The car drove beneath the trailer, killing the driver, in a crash that is strikingly similar to one that happened on the other side of Florida in 2016 that also involved use of Autopilot.

In both cases, neither the driver nor the Autopilot system stopped for the trailers, and the roofs of the cars were sheared off.

The crash, which remains under investigation by the National Transportation Safety Board and the National Highway Traffic Safety Administration, raises questions about the effectiveness of Autopilot, which uses cameras, long-range radar and computers to detect objects in front of the cars to avoid collisions. The system also can keep a car in its lane, change lanes and navigate freeway interchanges.

Tesla has maintained that the system is designed only to assist drivers, who must pay attention at all times and be ready to intervene.

In a preliminary report on the March 1 crash, the NTSB said that preliminary data and video from the Tesla show that the driver turned on Autopilot about 10 seconds before the crash on a divided highway with turn lanes in the median. From less than eight seconds until the time of the crash, the driver’s hands were not detected on the steering wheel, the NTSB report stated.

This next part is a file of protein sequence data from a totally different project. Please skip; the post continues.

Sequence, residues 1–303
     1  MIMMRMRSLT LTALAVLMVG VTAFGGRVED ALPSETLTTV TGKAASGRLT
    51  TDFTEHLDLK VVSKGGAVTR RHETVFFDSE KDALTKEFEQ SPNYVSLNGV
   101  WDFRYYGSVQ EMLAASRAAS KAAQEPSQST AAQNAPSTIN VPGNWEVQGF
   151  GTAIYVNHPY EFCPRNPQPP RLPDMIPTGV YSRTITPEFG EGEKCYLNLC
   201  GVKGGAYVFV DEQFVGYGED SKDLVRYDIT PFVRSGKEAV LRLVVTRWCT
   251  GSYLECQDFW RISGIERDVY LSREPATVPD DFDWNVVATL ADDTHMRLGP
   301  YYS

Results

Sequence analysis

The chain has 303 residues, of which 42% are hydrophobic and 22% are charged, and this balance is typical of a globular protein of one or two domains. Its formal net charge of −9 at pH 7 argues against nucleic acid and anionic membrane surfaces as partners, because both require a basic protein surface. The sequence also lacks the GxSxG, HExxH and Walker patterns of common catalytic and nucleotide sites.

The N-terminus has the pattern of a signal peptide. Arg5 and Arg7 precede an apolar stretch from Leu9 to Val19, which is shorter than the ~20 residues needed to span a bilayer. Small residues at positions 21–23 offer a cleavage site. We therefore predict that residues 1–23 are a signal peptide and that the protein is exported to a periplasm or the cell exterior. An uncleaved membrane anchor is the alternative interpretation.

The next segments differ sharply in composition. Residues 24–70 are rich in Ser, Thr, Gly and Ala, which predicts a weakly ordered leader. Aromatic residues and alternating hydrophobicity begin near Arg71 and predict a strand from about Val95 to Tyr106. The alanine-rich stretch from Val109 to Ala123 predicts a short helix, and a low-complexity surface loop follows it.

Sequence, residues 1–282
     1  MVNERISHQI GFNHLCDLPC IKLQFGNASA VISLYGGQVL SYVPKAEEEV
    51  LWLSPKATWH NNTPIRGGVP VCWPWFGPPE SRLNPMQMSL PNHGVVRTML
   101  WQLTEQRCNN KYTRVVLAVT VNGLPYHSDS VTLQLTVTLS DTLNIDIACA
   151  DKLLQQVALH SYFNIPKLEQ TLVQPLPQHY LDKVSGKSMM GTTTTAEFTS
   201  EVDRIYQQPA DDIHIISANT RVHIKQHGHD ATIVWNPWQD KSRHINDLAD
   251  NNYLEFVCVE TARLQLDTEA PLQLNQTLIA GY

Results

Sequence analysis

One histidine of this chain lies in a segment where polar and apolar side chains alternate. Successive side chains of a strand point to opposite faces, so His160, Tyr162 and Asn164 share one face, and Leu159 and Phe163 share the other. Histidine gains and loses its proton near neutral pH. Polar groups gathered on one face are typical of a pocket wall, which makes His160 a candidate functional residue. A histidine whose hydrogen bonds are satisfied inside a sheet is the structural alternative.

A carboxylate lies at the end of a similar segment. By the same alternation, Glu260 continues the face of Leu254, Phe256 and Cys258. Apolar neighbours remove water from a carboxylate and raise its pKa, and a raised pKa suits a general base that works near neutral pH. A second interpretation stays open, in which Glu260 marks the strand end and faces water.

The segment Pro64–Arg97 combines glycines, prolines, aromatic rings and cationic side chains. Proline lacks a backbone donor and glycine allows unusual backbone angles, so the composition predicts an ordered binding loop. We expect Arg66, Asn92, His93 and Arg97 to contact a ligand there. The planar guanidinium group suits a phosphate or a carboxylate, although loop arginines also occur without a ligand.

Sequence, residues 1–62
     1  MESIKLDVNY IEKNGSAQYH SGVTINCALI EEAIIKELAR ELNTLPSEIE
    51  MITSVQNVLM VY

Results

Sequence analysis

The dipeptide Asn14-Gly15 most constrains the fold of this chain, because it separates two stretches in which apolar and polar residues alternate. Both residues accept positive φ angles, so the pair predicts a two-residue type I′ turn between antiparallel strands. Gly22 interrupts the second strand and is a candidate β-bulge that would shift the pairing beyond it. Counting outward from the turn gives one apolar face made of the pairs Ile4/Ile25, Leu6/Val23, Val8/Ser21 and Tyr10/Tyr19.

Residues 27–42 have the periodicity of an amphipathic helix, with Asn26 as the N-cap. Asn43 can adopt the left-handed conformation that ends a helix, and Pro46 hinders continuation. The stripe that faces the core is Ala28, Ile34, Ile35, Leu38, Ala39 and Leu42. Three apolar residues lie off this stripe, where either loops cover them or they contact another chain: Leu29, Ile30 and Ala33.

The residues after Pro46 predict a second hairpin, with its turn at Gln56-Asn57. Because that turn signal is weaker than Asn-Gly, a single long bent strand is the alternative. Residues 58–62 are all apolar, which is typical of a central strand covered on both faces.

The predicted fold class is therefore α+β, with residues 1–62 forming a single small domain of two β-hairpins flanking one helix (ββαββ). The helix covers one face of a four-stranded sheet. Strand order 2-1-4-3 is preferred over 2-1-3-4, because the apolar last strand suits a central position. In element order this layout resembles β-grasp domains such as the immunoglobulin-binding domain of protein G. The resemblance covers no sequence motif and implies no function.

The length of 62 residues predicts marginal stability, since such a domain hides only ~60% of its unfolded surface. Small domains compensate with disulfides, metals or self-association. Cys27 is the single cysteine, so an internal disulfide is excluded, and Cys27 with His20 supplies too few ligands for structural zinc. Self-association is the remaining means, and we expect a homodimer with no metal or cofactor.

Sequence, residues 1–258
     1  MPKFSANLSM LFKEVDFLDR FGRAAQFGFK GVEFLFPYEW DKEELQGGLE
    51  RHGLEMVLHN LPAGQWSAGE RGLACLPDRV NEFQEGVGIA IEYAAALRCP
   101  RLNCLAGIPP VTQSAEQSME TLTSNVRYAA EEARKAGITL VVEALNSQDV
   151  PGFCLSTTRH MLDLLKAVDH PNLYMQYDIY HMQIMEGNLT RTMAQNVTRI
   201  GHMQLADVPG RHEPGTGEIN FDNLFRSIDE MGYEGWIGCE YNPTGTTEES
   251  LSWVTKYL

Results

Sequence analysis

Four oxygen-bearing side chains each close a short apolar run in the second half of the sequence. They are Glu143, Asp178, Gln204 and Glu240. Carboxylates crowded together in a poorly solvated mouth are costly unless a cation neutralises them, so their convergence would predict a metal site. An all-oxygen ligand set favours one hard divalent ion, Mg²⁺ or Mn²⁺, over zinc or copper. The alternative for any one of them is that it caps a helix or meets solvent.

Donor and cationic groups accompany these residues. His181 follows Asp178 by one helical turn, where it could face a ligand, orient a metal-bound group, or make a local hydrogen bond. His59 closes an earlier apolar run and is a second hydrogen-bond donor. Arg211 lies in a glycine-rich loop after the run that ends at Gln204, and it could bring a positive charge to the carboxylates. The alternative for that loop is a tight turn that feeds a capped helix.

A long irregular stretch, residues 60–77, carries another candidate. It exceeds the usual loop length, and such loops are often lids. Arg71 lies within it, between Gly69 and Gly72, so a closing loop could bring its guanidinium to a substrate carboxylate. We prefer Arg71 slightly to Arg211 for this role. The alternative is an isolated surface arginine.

“Neither the preliminary data nor the videos indicate that the driver or the ADAS (Advanced Driver Assist System) executed evasive maneuvers,” the report stated.

The Model 3 was going 68 miles per hour when it hit the trailer on U.S. 441, the report said. Jeremy Beren Banner, 50, was killed.

Tesla said in a statement Thursday that Banner did not use Autopilot at any other time during the drive before the crash. Vehicle logs show that he took his hands off the steering wheel immediately after activating Autopilot, the statement said.

Tesla also said it’s saddened by the crash and that drivers have traveled more than 1 billion miles while using Autopilot. “When used properly by an attentive driver who is prepared to take control at all times, drivers supported by Autopilot are safer than those operating without assistance,” the company said.